- Billy Wright, The World is My Football Pitch, p.56
 
2-3-5 Azevedo (Capela) -
Cardoso (de Oliveira), Fereira -
Amaro, Feliciano, Moreira -
Correia, Araujo, Peyroteo, Travacos, de Caravalho.

Averages:

Age - Appearances/Goals - -

 

England Team

 

Rank:

No official ranking system established;
ELO rating 4th
Colours: Probably the 1946 home uniform - White collared jerseys, blue shorts, red socks
Capt: George Hardwick, eighth captaincy. Manager:
Physiotherapist: Walter Max
Walter Winterbottom, 34 (31 March 1913), appointed national director of coaching on 8 July 1946;
8th match, W 6 - D 1 - L 1 - F 33 - A 6.
Party chosen by Selection Committee headed by Arthur Drewry following the France match on 3 May, team chosen on 19 May.
England Lineup
  Swift, Frank V. 33 26 December 1913 G Manchester City FC 8 6 GA
2 Scott, Lawrence 30 23 April 1917 RB

Arsenal FC

8 0
3 Hardwick, George F.M. 27 2 February 1920 LB

Middlesbrough FC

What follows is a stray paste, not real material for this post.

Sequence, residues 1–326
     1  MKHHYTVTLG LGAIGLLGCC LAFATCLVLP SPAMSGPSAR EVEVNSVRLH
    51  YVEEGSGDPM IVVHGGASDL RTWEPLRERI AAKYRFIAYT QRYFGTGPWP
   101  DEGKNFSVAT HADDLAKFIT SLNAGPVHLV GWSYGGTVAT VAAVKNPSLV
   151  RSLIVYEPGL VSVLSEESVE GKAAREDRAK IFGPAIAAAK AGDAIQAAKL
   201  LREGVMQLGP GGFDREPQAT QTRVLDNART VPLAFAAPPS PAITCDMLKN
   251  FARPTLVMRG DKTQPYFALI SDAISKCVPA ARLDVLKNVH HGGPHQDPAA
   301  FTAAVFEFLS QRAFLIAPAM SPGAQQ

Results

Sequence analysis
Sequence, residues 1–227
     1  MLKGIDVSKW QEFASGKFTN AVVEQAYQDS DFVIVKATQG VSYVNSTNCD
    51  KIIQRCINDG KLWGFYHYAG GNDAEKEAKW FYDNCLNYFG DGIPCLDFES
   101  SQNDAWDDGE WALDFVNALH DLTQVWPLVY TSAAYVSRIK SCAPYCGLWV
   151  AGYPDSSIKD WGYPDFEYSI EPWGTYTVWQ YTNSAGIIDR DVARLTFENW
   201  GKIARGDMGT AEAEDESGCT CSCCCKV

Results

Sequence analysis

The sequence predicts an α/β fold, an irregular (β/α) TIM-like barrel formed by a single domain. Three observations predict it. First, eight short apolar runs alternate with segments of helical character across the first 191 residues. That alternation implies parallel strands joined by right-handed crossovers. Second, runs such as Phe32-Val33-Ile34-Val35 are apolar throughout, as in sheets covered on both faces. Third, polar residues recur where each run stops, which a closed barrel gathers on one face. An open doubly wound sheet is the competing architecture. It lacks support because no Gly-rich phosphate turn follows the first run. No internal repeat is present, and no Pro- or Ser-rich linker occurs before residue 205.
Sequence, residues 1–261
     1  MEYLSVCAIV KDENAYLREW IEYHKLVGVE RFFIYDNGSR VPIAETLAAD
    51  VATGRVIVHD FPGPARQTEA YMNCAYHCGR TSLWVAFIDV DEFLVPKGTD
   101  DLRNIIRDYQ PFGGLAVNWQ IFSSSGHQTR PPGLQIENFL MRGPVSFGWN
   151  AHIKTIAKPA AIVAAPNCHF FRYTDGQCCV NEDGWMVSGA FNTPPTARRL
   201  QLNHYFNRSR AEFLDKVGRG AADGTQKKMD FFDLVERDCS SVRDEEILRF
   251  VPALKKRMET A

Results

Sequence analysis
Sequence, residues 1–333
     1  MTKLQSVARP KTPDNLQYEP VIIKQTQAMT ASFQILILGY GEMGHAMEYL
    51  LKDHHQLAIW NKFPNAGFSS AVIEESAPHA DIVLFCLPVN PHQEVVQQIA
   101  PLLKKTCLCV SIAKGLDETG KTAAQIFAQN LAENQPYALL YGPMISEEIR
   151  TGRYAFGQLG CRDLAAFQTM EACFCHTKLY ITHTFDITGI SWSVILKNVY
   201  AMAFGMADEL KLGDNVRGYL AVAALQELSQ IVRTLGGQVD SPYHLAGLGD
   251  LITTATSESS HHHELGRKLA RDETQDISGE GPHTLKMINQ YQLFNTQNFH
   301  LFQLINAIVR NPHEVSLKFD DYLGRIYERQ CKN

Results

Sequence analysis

8 0
4 Wright, William A. 23 6 February 1924 RHB

Wolverhampton Wanderers FC

8 0
5 Franklin, Cornelius 25 24 January 1922 CHB

Stoke City FC

8 0
6 Lowe, Edward 21 11 July 1925 LHB Aston Villa FC 3 0
7 Matthews, Stanley 32 1 February 1915 OR Blackpool FC 20 9
8
Mortensen, Stanley H. 25 26 May 1921 IR Blackpool FC 1 4
9
Lawton, Thomas 27 6 October 1919 CF Chelsea FC 16 16
10 Mannion, Wilfred J. 29 16 May 1918 IL

Middlesbrough FC

8 7
11 Finney, Thomas 25 5 April 1922 OL

Preston North End FC

6 5

reserves:

Dicky Robinson (Middlesbrough FC), Phil Taylor (Liverpool FC), Bobby Langton (Blackburn Rovers FC), Jimmy Hagan (Sheffield United FC), Raich Carter (Derby County FC).

team notes: